Diindolylmethane (DIM) is a compound found in “cruciferous” vegetables such as cabbage, Brussels sprouts, cauliflower, and broccoli. Scientists think these crunchy vegetables may help protect the body against cancer because they contain diindolylmethane and a related chemical called indole-3-carbinol (I3C).

Dim helps balance the sex hormone estrogen and testosterone. When the body breaks down estrogen, for example, it can form either a harmful or beneficial metabolite. DIM, in some clinical and animal studies, has been shown to help the body form the more beneficial estrogen metabolite and reduce formation of the harmful metabolite. The beneficial estrogen metabolites can have many positive effects, including reducing the risk for some types of cancer. DIM may benefit patients with certain types of prostate cancer and may help reverse abnormal changes in cells on the surface of the cervix. Some scientists think DIM will be useful for preventing breast, uterine and colorectal cancer. However, because of the variability in types of cancer and the sensitivity of the estrogen system in the body, DIM and I3C supplements may not be appropriate for everyone.

Resources
Memorial Sloan Kettering Cancer Center Integrative Medicine Database.
https://www.mskcc.org/cancer-care/integrative-medicine/herbs/diindolylmethane
Fujioka, N. et al., ” Research on cruciferous vegetables, indole-3-carbinol, and cancer prevention: a tribute to lee w. wattenberg.” Mol Nutr Food Res (Feb 2016) doi: 10.1002/mnfr.201500889. http://www.ncbi.nlm.nih.gov/pubmed/26840393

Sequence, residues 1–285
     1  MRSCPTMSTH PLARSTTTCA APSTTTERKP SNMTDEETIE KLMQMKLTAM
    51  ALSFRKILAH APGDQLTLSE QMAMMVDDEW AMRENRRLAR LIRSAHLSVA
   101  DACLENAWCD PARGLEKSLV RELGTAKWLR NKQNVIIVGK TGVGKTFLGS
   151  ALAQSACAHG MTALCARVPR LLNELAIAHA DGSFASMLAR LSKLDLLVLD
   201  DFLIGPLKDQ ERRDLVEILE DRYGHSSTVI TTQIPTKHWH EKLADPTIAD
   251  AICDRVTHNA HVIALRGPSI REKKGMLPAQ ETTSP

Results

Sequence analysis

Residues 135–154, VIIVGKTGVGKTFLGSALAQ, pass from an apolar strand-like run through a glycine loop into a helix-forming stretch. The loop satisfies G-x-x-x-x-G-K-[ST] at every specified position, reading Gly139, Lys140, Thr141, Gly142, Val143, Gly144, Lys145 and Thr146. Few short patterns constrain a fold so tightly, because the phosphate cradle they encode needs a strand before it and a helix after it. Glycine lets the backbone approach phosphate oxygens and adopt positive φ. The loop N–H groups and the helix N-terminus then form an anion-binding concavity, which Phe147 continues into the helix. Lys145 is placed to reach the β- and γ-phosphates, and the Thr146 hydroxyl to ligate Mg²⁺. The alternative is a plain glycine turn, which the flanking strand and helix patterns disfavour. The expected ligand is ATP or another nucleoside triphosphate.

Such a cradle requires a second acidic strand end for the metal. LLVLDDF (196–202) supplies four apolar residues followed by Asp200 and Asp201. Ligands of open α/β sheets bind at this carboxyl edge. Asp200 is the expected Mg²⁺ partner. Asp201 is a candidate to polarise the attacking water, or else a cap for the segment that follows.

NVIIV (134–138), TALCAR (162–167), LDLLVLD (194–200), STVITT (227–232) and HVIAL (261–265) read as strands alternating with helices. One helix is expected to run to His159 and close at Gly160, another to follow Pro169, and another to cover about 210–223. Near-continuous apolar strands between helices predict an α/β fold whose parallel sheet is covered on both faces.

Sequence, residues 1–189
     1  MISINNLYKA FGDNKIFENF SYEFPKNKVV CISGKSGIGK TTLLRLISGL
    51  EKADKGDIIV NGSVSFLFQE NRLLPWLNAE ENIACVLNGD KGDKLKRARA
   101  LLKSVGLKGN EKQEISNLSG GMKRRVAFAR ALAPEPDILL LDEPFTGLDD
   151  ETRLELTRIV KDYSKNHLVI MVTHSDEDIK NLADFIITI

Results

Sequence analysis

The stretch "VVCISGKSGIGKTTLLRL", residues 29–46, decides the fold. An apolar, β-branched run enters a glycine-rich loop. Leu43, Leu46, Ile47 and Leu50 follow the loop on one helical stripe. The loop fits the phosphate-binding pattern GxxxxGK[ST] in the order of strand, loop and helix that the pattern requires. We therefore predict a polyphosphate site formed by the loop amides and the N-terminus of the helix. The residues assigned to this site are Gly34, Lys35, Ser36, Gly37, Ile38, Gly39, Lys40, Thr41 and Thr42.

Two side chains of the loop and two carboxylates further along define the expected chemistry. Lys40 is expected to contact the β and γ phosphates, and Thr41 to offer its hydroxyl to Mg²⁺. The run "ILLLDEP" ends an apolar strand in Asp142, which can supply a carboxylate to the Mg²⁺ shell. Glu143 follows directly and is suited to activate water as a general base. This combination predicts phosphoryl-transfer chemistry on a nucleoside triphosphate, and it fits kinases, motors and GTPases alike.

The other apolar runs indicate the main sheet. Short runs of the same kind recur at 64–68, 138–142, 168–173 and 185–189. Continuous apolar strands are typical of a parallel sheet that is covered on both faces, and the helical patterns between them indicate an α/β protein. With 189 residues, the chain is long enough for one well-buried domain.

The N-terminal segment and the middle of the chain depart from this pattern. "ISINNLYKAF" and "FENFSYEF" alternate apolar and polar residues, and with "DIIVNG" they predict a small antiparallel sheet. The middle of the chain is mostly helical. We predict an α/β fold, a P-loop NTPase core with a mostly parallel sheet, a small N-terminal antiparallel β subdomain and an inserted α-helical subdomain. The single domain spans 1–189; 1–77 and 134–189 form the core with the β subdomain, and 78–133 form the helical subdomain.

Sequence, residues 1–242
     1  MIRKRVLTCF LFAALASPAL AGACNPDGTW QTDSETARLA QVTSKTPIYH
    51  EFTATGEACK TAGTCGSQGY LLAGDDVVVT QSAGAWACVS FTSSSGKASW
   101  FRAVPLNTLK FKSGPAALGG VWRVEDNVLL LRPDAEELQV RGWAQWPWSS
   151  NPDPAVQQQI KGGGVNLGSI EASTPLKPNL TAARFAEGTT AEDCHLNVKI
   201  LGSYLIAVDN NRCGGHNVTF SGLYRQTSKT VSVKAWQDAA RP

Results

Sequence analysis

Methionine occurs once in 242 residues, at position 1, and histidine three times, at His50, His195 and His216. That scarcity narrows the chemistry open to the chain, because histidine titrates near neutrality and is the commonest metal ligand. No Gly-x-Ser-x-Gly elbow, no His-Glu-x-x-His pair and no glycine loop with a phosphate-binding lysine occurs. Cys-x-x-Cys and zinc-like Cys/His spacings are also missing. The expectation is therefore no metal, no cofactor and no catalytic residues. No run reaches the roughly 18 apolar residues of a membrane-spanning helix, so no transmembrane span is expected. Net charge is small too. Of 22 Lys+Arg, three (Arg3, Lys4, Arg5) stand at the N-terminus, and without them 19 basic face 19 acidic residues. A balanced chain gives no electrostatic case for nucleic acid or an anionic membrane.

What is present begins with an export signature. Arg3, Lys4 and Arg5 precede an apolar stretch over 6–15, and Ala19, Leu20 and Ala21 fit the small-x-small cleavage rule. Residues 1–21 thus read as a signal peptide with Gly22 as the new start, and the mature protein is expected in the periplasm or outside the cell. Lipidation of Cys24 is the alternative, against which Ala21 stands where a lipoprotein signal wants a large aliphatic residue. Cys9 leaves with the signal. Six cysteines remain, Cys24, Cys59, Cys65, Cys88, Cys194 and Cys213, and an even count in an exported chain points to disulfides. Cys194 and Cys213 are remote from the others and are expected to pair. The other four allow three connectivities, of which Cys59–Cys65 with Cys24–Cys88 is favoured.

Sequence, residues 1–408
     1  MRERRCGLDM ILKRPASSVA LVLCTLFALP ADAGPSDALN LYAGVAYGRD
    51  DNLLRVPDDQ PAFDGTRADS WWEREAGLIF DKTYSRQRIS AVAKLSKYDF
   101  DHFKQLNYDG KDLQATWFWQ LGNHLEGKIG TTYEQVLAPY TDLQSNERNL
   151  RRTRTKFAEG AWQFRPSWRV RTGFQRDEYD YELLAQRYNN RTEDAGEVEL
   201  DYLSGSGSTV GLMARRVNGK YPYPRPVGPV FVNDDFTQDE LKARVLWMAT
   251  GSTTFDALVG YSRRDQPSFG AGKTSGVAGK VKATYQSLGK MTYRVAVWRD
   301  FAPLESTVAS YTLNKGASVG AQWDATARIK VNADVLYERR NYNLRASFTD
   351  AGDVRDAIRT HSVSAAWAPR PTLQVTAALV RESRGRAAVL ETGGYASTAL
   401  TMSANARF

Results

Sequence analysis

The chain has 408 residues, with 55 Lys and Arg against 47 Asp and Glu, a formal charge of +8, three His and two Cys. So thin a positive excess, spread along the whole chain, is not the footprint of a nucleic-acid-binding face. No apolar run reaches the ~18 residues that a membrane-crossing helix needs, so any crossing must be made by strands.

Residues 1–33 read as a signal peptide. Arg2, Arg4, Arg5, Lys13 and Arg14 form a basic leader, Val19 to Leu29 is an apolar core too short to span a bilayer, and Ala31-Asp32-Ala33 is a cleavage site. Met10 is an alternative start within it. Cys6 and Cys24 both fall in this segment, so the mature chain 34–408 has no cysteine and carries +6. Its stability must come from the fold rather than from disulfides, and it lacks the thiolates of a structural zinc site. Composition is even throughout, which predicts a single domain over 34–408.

Ashrafian, L.,et al. “Double-blind randomized placebo-controlled multicenter clinical trial (phase IIa) on di-indolylmethane’s efficacy and safety in the treatment of CIN: implications for cervical cancer prevention.” The EPMA Journal. (2015) 6:25. doi:10.1186/s13167-015-0048-9. Accessed on March 23, 2016: http://www.ncbi.nlm.nih.gov/pmc/articles/PMC4685602/
Ahmad, A., et al., “The Bounty of Nature for changing the cancer landscape.” Mol Nutr Food Res (Jan 2016). doi: 10.1002/mnfr.201500867. http://www.ncbi.nlm.nih.gov/pubmed/26799714
Higdon, J.V. et al., “Cruciferous vegetables and human cancer risk: epidemiologic evidence and mechanistic basis.” Pharmacol Res. (Mar 2007) 55(3): p 224-36. Available from: http://www.sciencedirect.com/science/article/pii/S1043661807000321
Minich, D.M. & Bland, S. “A Review of the Clinical Efficacy and Safety of Cruciferous Vegetable Phytochemicals.” DOI: http://dx.doi.org/10.1111/j.1753-4887.2007.tb00303.x p 259-267 First published online: 1 June 2007. Available from: http://nutritionreviews.oxfordjournals.org/content/65/6/259

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